1. A LED module comprising a first and a second LED sub-module disposed on a high thermal conductivity sub-mount, wherein: the first LED sub-module comprises: a first semiconductor LED for generating light when activated, the first LED being in thermal contact with the sub-mount; a first high thermal conductivity reflector cup, the first LED being disposed in the first reflector cup; and, a first wavelength converting element (WCE) at least partially disposed over a surface of the first LED such that light emitted from the first LED is incident on the first WCE and is re-emitted at a substantially different wavelength; and, the second LED sub-module comprises: a second semiconductor LED for generating light when activated, the second LED being in thermal contact with the sub-mount; a second high thermal conductivity reflector cup, the second LED being disposed in the second reflector cup; and, a second wavelength converting element (WCE) at least partially disposed over a surface of the second LED such that light emitted from the second LED is incident on the second WCE and is re-emitted at a substantially different wavelength, the second WCE having different wavelength converting properties to the first WCE1 wherein: the first and the second semiconductor LED comprise the same semiconductor material system; the first WCE is at least partially in contact with the first reflector cup and the second WCE is at least partially in contact with the second reflector cup; and, the total light emitted by the module comprises light generated from the first LED and WCE and light generated from the second LED and WCE, the module being configured to emit total light having a predefined colour chromaticity when one or more activation properties of the first and second LED are managed.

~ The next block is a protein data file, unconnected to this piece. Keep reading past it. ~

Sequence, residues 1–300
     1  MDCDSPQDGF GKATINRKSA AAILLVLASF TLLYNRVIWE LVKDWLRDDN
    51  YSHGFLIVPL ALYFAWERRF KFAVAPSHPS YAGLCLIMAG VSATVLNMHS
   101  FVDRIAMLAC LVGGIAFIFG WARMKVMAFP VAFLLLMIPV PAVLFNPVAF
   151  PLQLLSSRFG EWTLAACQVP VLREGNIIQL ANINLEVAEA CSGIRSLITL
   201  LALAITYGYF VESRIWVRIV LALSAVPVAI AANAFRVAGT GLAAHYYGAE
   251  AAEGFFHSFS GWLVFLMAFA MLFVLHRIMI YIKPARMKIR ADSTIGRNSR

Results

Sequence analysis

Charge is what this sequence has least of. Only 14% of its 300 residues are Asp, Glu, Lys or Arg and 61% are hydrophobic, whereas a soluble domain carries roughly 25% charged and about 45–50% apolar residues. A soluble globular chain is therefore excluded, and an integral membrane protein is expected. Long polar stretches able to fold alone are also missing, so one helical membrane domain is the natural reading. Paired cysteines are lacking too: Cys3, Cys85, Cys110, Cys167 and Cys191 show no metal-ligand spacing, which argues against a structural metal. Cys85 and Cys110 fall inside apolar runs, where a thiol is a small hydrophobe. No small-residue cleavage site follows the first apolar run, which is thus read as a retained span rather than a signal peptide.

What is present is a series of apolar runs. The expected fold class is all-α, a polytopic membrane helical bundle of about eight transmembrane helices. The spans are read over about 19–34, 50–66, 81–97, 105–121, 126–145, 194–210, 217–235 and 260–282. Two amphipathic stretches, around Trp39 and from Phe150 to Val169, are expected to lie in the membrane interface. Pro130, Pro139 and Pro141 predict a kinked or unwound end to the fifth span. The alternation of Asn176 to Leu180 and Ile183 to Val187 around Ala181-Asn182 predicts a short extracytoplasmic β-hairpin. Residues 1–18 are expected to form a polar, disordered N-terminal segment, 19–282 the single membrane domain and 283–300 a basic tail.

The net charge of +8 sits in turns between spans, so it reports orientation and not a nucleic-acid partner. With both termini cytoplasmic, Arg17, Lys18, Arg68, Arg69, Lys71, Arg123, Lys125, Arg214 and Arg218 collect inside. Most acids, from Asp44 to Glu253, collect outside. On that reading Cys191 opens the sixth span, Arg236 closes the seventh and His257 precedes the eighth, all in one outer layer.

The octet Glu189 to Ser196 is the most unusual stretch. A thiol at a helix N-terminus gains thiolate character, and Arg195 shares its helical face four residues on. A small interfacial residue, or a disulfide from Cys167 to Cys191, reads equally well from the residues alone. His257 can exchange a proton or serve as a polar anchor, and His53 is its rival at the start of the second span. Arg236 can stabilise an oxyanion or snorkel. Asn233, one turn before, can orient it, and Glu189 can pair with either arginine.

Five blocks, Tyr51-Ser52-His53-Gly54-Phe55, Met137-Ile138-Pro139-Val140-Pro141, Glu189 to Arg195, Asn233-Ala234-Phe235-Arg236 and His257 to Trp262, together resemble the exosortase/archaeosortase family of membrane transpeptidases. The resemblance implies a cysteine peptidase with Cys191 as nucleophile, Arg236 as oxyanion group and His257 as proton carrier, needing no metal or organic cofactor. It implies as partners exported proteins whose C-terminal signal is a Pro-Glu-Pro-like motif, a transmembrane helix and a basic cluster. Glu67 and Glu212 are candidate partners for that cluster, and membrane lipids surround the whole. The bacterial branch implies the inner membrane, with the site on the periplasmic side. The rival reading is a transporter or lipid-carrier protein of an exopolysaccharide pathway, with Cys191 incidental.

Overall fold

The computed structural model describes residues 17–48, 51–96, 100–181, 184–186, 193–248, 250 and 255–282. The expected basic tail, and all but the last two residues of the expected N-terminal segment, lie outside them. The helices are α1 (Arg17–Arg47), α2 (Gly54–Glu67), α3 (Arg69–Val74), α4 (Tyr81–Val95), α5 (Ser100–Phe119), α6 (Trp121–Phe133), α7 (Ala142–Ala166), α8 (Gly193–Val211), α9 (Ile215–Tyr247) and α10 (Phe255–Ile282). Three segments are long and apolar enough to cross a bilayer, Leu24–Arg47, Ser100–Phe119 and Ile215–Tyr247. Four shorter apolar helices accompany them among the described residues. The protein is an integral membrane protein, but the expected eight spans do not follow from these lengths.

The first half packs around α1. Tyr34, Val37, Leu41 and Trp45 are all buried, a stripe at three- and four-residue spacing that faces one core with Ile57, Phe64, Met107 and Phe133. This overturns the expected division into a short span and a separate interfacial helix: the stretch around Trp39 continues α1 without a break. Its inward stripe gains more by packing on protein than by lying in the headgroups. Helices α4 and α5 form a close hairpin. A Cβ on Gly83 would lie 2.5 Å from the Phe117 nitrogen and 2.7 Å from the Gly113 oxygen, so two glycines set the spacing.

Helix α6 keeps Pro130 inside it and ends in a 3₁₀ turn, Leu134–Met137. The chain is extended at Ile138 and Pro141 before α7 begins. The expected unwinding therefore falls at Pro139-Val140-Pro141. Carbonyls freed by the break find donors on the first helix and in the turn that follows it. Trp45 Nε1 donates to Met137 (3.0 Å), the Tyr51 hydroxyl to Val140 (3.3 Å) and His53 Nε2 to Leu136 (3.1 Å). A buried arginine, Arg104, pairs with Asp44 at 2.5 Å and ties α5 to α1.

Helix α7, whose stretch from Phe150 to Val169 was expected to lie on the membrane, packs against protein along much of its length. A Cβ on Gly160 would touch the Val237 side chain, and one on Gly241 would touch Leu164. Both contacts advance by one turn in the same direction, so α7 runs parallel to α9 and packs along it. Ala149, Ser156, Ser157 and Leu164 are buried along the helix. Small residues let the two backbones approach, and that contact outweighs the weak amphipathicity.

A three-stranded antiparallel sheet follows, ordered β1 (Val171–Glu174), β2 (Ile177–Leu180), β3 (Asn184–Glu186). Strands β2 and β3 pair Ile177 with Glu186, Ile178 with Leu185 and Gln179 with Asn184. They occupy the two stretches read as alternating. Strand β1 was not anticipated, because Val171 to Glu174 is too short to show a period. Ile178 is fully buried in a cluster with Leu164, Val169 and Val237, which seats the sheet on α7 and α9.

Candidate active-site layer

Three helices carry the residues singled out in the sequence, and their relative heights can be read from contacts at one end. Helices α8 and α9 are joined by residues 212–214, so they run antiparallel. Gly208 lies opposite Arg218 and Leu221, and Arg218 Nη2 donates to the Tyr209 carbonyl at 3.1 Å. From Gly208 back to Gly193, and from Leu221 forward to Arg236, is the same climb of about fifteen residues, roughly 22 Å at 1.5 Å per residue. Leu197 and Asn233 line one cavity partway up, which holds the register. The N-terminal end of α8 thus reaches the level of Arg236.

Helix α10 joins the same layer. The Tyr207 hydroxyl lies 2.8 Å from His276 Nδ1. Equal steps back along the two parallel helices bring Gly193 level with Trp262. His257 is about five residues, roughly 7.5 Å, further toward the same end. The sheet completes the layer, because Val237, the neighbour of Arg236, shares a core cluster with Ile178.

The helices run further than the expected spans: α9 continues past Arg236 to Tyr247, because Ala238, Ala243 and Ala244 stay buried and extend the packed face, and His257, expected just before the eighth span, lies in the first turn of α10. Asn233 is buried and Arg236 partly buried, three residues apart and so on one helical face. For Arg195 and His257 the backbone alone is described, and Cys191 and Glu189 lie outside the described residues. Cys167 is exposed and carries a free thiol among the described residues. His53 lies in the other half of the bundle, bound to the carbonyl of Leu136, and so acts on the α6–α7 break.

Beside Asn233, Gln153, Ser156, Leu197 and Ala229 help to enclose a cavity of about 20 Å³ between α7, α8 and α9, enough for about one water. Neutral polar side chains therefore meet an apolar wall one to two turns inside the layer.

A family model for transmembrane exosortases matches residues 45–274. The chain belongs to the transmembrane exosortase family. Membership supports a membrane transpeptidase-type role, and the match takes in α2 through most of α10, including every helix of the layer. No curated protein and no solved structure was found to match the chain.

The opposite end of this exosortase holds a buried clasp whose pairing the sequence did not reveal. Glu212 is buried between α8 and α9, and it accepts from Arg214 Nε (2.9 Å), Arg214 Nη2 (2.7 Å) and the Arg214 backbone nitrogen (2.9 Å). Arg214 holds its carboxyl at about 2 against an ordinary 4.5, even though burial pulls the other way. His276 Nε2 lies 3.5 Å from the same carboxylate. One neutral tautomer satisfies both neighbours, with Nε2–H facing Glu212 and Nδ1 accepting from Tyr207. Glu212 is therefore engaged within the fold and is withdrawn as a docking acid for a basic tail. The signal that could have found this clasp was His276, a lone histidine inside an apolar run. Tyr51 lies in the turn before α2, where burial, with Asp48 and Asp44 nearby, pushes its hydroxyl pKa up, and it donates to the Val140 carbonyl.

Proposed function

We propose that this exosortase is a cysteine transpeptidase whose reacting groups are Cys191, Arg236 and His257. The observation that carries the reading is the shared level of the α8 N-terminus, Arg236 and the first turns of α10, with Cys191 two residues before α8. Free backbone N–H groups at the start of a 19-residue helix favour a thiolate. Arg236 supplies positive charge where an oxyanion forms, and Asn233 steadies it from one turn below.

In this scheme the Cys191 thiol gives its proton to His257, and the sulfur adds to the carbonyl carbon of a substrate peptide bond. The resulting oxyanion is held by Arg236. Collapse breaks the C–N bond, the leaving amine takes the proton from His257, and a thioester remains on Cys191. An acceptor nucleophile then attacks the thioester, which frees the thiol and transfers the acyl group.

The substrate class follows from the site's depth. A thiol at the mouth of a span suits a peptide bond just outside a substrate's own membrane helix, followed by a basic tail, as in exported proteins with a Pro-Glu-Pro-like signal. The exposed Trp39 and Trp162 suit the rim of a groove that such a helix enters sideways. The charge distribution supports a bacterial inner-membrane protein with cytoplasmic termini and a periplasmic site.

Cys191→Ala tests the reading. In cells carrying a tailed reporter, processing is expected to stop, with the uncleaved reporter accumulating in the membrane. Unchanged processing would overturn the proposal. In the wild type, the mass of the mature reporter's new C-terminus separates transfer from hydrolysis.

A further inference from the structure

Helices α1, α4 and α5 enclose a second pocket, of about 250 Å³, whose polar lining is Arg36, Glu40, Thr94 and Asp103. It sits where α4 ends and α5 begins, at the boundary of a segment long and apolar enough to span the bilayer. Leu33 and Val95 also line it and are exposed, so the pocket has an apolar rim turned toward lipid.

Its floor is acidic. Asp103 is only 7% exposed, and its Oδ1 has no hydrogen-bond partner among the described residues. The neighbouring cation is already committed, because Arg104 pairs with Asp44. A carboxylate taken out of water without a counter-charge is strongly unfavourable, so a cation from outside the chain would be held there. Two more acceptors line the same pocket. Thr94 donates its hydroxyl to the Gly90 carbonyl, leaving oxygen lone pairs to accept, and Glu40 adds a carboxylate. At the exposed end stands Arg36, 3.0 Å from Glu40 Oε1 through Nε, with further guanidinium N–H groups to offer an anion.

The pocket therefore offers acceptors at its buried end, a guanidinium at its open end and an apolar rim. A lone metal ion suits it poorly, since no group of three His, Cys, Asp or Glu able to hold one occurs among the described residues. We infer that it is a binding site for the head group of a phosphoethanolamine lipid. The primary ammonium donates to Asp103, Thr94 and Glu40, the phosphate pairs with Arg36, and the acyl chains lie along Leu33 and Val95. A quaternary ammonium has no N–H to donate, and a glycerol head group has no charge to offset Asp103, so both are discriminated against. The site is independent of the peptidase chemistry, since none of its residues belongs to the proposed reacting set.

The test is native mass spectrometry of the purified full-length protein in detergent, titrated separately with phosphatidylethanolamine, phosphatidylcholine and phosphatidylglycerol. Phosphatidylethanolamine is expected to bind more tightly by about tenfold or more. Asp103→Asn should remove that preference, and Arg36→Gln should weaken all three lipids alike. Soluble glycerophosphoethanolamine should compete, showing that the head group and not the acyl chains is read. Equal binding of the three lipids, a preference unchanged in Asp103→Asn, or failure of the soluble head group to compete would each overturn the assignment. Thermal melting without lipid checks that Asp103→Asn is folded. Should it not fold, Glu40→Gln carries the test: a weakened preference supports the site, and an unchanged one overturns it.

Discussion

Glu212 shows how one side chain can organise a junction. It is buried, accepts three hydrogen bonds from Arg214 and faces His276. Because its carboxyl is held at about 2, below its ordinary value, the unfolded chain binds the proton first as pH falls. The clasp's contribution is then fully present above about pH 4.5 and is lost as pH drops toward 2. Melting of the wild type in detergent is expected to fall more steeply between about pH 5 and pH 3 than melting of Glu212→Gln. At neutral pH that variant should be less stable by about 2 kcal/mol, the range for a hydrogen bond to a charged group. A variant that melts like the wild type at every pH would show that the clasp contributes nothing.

2. A LED module according to any preceding claim, wherein the first and/or second WCE is selected from a group of WCE elements which comprises phosphors, quantum dots (QDs), organic light emitting material, and electrically, ionically- or optically-pumped light emitting materials.